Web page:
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Countries in India’s neighbourhood – Sri Lanka, Pakistan, Nepal – grapple with economic challenges. Domestic factors apart, one significant reason contributing to the crisis is mounting Chinese debts.

Debt-trap diplomacy:

  • It is a term in international finance which describes a creditor country or institution extending debt to a borrowing nation partially, or solely, to increase the lender’s political leverage.
  • The term was coined by Indian academic Brahma Chellaney.
  • The creditor country is said to extend excessive credit to a debtor country with the intention of extracting economic or political concessions when the debtor country becomes unable to meet its repayment obligations.
  • The conditions of the loans are often not publicized and benefit the lender.
  • The borrowed money commonly pays for contractors and materials sourced from the creditor country.
  • Although the term is most commonly associated with China, it has also been applied to the International Monetary Fund (IMF); both allegations, however, are disputed.

How does China’s debt trap diplomacy work?

How countries are being trapped?

There are several advantages or concessions that China asks for in exchange for debt relief.

  • Sri Lanka was forced to hand over control of the Hambantota port project to China for 99 years, after it found itself under massive debt owed to Beijing. This allowed China control over a key port positioned at the doorstep of its regional rival India, and a strategic foothold along a key commercial and military waterway.
  • In exchange for relief, China constructed its first military base in Djibouti. Whereas Angola is replaying multibillion-dollar debt to China with crude oil, creating major problems for its economy.

What are these concessional loans granted by China?

  • The ‘concessionality’ factor is achieved either by offering interest rates that are below the market rates or leniency in the grace period, and often with a combination of both.
  • These loans generally have long grace periods.

Has India taken any loans from China?

  • India has not entered into any loan agreement directly with China.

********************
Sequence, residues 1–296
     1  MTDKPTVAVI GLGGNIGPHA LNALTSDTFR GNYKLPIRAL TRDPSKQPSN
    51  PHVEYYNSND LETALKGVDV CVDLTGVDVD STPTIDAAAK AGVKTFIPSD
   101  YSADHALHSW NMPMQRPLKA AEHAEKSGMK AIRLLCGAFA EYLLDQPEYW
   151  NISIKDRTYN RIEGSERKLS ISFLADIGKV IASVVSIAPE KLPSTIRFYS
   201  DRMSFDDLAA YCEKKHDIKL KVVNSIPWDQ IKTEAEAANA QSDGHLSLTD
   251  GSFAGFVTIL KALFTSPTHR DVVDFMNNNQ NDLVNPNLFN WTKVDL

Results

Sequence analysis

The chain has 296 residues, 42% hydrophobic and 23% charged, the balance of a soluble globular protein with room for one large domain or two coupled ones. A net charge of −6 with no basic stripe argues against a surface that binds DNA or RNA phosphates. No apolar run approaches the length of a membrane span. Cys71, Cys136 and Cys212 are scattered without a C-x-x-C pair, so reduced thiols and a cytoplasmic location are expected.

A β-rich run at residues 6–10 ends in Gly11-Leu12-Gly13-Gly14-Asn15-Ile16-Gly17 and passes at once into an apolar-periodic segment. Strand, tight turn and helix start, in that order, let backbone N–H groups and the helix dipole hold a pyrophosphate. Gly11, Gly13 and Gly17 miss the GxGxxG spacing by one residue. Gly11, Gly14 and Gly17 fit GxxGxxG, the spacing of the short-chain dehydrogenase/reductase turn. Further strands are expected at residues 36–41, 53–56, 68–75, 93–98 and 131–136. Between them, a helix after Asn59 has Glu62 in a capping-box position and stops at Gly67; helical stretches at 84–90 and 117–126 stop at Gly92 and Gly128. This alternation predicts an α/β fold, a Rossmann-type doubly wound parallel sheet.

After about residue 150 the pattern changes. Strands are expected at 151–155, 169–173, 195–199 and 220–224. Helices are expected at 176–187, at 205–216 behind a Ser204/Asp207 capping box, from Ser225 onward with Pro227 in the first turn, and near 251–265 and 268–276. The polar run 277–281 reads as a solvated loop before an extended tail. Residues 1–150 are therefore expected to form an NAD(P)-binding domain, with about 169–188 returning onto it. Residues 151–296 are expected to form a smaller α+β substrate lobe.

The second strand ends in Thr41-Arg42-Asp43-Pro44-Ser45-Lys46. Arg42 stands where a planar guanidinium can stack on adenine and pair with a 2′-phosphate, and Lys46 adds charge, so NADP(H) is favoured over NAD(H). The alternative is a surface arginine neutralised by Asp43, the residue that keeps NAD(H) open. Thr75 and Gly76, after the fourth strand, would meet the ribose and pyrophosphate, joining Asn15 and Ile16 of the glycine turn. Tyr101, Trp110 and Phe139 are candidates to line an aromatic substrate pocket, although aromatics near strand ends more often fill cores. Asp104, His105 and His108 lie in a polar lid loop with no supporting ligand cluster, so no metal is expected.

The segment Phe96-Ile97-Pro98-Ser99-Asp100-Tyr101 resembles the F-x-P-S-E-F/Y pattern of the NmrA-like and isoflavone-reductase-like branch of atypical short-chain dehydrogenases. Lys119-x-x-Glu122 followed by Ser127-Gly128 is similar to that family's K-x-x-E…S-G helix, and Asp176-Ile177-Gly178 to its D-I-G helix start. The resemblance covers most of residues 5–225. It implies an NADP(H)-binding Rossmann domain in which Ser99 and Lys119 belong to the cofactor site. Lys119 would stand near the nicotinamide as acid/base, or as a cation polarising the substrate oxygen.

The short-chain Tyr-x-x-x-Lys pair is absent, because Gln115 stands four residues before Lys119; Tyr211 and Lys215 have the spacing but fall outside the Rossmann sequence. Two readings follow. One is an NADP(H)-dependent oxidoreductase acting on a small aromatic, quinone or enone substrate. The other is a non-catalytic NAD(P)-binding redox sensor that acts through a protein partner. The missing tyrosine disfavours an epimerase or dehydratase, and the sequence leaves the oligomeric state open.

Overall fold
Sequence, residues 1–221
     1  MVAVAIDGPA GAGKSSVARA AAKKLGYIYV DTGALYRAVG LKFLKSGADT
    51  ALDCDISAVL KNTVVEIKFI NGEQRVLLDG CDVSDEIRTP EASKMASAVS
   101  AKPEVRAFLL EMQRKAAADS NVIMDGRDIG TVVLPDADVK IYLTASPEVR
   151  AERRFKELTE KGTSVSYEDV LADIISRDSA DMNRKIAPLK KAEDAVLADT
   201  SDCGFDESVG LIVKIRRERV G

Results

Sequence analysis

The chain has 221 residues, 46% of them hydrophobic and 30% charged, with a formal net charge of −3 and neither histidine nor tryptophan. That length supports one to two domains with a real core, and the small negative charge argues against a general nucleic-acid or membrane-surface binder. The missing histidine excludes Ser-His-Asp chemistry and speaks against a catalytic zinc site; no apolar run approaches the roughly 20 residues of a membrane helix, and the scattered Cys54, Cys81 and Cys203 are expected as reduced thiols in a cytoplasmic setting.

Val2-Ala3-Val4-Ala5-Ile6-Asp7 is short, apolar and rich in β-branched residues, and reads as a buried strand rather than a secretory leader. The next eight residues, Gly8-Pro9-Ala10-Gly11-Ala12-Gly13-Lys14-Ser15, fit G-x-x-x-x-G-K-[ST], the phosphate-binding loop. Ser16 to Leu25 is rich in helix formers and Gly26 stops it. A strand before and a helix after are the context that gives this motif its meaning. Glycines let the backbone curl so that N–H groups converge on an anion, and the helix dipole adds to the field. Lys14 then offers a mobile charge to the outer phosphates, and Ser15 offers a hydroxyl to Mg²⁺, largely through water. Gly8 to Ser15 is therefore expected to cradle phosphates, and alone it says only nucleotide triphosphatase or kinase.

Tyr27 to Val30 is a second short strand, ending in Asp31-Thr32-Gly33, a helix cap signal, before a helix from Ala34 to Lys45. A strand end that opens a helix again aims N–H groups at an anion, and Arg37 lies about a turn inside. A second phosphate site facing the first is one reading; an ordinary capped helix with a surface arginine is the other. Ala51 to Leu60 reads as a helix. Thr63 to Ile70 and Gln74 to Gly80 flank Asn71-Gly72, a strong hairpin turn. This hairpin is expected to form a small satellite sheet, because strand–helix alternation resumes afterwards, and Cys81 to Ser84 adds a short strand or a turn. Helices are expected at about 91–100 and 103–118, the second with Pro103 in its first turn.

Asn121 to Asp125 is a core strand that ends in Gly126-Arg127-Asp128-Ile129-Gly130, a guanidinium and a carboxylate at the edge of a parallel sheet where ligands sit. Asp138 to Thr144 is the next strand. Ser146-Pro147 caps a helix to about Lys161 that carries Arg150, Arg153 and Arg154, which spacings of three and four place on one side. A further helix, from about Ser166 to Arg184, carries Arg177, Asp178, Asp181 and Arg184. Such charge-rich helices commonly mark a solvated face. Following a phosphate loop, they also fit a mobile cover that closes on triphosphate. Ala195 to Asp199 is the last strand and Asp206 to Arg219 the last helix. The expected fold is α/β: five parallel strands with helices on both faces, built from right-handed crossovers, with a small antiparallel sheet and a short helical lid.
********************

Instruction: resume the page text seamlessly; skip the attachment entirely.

• However, it has been the top borrower of Asian Infrastructure Investment Bank (AIIB), a multilateral bank wherein China is the largest shareholder (26.6% voting rights) and India the second (7.6% voting rights) among other countries.

How is the debt trap affecting India, then?

  • Most of India’s neighbours have fallen prey to China’s debt trap, and ceded to China’s $8 tn project – One Belt One Road Initiative (OBOR) which seeks to improve connectivity among countries in Asia, Africa and Europe.
  • Many nations have ceded control over strategic sea ports which can affect India’s regional security.
  • China through OBOR can increase India’s political cost of dealing with its neighbours because Kashmir, which India considers its part is also used in OBOR by Pakistan.
  • Kautilya, the famous India theorist on statecraft, suggests it is important to monitor and contain the activities of the state’s “enemy” and its diplomacy through engagement and cooperation rather than war.
  • Brahma Chellany, India’s leading China expert, writes in The Japan Times: “Indeed, by working to establish its dominance along the major trade arteries, while instigating territorial and maritime disputes with several neighbors, China is attempting to redraw Asia’s geopolitical map.”
  • In The Times of Central Asia, James Dorsey informs that a leaked long-term plan for China’s massive $56-billion investment in Pakistan exposes the goals of Beijing’s One Belt, One Road initiative as a “ploy for economic domination, the creation of surveillance states, and allowing China to influence media landscapes.”